New proposal: forfeit dollars to visit felons
Published: Sunday, September 18, 2011
Updated: Sunday, September 18, 2011 16:09
Can somebody call our governor and let him know about this? Here is a plan suffering from such "reasonableness and "practicality," I can hardly contain myself. In the state of Arizona, Gov. Jan Brewer has proposed a fabulous idea: have everyone forfeit their cash to visit felons in jail.
Brewer, along with a few men in suits, recommended to fellow lawmakers to pass a bill that would help balance their state's budget. Each person would have to "cough up" $25 to visit their incarcerated offspring, significant others, sister's cousin's friend's uncle's brother — you get the idea.
So, here's my query: could this work in Florida and is it ethical?
Without sounding patronizing, I think it's necessary to differentiate between jails and prisons. I thought they were both the same, including the interior decorating, but apparently they're not.
The most prominent dissimilarity between types of confinement would fall under who controls what. Jails are usually handled by the county; prisons are managed by the state. Florida does have six privately run prisons, but we won't go into that – they're just little ones with shinier bars.
First revealed in an article by AZFamily, certain lawmakers in Phoenix are pushing so a fee will be required by law for anyone going to visit an inmate in prison. The fee will be reasonable and would be about $25. Everybody, including next of kin will be subject to paying the tariff in exchange for visitation. There is also a proposal to start charging a 1-percent fee on any and all monies put into inmate bank accounts.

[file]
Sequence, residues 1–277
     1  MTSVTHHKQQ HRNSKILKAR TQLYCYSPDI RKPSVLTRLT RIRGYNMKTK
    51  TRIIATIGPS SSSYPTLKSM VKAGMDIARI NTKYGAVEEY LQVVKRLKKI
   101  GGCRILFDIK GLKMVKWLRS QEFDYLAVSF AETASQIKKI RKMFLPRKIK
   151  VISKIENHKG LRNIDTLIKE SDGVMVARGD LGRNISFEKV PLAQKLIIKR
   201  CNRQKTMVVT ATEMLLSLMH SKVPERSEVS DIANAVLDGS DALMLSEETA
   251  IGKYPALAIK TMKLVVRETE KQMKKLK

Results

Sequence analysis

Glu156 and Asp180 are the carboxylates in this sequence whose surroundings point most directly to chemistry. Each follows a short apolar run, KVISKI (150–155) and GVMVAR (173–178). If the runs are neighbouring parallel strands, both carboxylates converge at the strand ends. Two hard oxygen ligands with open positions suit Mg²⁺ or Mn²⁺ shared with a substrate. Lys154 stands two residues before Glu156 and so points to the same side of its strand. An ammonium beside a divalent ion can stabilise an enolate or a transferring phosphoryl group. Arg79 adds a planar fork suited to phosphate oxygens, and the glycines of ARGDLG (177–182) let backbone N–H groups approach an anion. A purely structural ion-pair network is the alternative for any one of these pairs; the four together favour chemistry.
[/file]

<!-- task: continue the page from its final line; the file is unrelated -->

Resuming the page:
"The prison system costs the Arizona taxpayer about $1 billion a year, and visitation is a privilege," Arizona Department of Corrections Director Charles L. Ryan said.
Now, before all the "goody two-shoes" types get bent out of shape with legalities and civil liberties, let's dissect this one before responding.
According to the Florida DOC, there are 144 prison facilities that are divided into major institutions: annexes, work camps, work release centers and road prisons throughout the state. The major institutions incarcerate 85.2 percent of the state prison inmates. These facilities incarcerate only those inmates convicted and sentenced to more than a year.
The Florida Department of Corrections is the third-largest state prison system in the country with a budget of $2.4 billion, just over 102,000 inmates incarcerated and another 115,000 offenders on active community supervision.
And yes, those numbers are prodigious. That's far too many offenders for our sunny state of Florida.
So who really does pay for our convicted outlaws? Why, you do. You, the honest tax paying and law-abiding citizen. Marvelous, pat yourself on the back. Oh wait! Here's the fun part: the invoice. How much is how much?
The DOC listed the expense to the state of Florida per inmate as "$19,469 a year, or $53.34 a day."
Yes – that's where your tax dollars are going. If only we could pump that kind of currency into our education system instead.
Truly, I think Brewer has drawn up an ingenious blueprint. Charge the visitors to visit. Why not? I can't find anything morally wrong with it. After all, is it not only fair to pass the convicted felons tab to the convicted felons?
Personally, I don't care if the felon's "bill" becomes a burden to them or their family members. They didn't seem too concerned when they "flouted" the rules and went "gallivanting" on their crime spree, now did they?
Truthfully, the only money I don't mind tendering is for death row. My tax-paying dollars are put to good use here; $40 is the maximum cost of that final meal.